Many lithium producers are now sold out of excess inventory until the end of 2021, as appetite downstream from the battery industry continues to surge.

And customer demand is increasing according to Argosy Minerals (ASX:AGY) managing director Jerko Zuvela, who told Stockhead the company’s seen increased interest in the product from its Rincon lithium project in Argentina from customers in Europe, North America, and Asia.

“It’s changed a lot the last six months from nine months ago, where prices were $5000-$6,000 a tonne to now where they’re $13,000-14,000,” he said.

“There’s a lot more interest and appetite to secure especially lithium chemical products because it’s actually getting harder to secure them.

“We’ve had a lot of calls and interest from potential customers, because they’re limited in what they can get – if they can get it at all.”

“In Europe and the US and eastern Asia, these battery factories have gotten funding, and these supply chains further down the line are getting funding to build Gigafactories and even cathode manufacturing, but we haven’t really seen the investment at the raw materials stage.

“Hopefully that’s still to come and will help us drive us forward to being able to realise our plan for our project.”

10,000 tpa scale-up just the beginning

Funding could be the biggest barrier to lithium producers but since the market turned, things are looking up for Argosy.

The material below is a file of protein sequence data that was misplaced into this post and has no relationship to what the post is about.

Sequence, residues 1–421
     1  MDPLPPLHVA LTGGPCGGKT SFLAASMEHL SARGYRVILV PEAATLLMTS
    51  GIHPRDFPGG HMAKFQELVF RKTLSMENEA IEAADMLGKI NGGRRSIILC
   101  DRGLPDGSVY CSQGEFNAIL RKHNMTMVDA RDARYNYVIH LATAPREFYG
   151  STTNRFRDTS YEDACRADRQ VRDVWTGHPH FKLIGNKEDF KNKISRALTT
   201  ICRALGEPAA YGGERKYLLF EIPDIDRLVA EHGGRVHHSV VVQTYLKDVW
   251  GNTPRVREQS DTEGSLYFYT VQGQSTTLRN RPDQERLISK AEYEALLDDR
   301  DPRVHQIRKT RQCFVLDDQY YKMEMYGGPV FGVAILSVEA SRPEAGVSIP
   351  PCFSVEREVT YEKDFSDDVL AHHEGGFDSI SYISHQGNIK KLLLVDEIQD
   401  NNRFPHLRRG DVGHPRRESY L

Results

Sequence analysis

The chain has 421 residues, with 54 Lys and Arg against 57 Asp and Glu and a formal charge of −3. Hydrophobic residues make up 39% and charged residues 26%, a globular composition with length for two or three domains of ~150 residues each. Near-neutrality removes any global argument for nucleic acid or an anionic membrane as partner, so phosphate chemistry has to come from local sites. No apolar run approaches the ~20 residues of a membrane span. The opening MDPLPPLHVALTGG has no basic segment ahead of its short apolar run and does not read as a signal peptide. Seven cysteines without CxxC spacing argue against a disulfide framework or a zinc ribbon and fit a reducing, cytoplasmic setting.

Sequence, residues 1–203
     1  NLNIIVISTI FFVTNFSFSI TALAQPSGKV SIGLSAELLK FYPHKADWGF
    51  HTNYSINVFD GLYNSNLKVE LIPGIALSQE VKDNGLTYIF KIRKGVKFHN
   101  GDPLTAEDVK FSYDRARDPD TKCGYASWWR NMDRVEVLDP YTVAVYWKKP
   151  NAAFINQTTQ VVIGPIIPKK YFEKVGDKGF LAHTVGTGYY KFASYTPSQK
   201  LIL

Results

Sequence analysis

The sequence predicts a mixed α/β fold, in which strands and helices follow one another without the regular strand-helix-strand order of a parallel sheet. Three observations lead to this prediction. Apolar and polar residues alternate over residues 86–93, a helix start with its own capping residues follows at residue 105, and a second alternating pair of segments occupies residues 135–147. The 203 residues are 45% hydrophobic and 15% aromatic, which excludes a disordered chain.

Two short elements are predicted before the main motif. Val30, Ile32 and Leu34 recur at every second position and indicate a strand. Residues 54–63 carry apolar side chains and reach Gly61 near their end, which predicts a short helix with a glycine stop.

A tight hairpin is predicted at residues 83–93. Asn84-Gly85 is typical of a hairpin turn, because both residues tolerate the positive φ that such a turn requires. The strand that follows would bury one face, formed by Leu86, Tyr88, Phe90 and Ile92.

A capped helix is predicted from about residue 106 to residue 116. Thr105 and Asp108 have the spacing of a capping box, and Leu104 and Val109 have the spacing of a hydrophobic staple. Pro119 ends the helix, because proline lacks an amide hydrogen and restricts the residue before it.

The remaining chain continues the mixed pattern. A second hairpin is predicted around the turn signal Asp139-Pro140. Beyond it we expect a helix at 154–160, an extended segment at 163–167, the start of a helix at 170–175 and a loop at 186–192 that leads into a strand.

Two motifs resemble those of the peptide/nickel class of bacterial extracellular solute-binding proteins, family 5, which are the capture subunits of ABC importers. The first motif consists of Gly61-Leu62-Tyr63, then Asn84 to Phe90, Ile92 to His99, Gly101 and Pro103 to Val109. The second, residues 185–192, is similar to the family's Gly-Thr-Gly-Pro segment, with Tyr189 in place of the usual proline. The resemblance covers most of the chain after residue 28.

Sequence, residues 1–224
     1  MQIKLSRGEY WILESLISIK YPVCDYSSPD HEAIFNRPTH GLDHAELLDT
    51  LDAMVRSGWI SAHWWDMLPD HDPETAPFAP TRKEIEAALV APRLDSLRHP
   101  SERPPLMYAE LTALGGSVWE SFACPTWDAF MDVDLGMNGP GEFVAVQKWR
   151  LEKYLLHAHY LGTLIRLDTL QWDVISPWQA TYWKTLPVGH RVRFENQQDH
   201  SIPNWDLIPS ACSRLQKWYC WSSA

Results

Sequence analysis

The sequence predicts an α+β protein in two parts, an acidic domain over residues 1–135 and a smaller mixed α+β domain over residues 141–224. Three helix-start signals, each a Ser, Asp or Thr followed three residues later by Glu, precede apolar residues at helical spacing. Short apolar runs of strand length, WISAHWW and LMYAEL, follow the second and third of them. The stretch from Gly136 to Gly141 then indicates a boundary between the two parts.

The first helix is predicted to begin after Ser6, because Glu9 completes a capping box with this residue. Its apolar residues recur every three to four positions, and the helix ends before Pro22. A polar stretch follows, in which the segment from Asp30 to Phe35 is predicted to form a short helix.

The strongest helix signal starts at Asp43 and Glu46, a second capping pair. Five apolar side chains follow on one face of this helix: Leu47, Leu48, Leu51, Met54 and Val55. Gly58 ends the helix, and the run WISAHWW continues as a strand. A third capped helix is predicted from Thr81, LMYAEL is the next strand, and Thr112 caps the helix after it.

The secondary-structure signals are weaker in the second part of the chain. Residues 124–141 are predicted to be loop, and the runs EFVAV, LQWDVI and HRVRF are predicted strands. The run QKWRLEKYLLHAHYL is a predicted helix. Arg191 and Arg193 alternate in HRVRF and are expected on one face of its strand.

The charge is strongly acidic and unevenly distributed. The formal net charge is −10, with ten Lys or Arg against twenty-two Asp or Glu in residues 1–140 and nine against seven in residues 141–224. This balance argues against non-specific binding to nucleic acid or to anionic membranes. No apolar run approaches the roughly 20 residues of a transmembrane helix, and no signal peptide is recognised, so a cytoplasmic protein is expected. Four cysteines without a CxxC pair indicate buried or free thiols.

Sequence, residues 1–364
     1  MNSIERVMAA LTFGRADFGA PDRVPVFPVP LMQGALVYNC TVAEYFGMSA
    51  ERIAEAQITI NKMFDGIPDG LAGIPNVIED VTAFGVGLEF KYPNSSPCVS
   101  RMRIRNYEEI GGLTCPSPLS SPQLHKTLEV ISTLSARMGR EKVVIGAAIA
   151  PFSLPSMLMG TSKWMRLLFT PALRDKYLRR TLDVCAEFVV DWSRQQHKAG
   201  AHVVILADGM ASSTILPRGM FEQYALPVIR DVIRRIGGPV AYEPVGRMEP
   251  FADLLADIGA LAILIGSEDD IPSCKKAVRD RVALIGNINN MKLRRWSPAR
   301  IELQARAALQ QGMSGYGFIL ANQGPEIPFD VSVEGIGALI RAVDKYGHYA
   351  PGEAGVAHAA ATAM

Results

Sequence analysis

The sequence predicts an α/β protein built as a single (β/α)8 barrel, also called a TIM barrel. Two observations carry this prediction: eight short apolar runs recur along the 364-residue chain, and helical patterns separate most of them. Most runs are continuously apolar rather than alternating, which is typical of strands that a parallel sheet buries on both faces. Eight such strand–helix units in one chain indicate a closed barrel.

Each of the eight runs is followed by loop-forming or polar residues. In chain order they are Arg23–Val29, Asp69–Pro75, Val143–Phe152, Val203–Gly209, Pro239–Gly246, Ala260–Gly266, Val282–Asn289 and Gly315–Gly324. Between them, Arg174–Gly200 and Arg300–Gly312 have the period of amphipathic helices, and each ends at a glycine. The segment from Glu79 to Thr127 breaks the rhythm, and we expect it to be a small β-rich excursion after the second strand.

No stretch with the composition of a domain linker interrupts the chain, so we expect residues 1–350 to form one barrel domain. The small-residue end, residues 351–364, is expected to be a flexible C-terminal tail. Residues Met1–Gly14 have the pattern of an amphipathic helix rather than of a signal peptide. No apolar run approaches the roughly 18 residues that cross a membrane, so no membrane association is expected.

The 2,000 tpa pilot plant at Rincon is just an interim step, according to Zuvela, with the company planning to scale up to 10,000 tpa operations.

“Over the last few years, we’ve been doing a lot of work refining the chemical process technology and ensuring that impurities are at acceptable levels for future potential customer requirements.

“But unfortunately, while we were doing that the lithium market has been pretty poor, so we shelved our plan to move straight to a 10,000 tpa operation because until late last year the funding just wasn’t available.”

Zuvela said that when the market turned late last year/early this year, the company was able to capitalise and raise the funds for this interim modular step with the 2000 per annum operation which is currently in construction.

“It’s currently in construction and we’re hoping to have that completed and commencing production operations before mid-year next year – but the plan is to scale up (subject to funding),” he said.

“We’re working to achieve the approval for an additional 10,000 tonnes per annum of product and hopefully we can get those approvals later this year and then the main thing is to secure the funding package to build another 10,000 tonnes per annum operation.”

Zuvela is hopeful that the next stage of building won’t stop at another 10,000 tpa capacity and that future interest in the sector will only increase.

Strong outlook as countries move to secure supply

Zuvela is confident that the outlook for Rincon is good, with countries around the world looking to secure their supply of the battery metal.

“We’re seeing the main Chinese companies really take a foothold in the industry securing these raw materials.

“And we’re seeing Europe, and North America and eastern Asia, Korea and Japan really take a step up over the last six months.

“The US government declared lithium and other minerals critical, and we’re seeing Europe’s green push to reduce carbon emissions – so all of us in the lithium game are very hopeful.”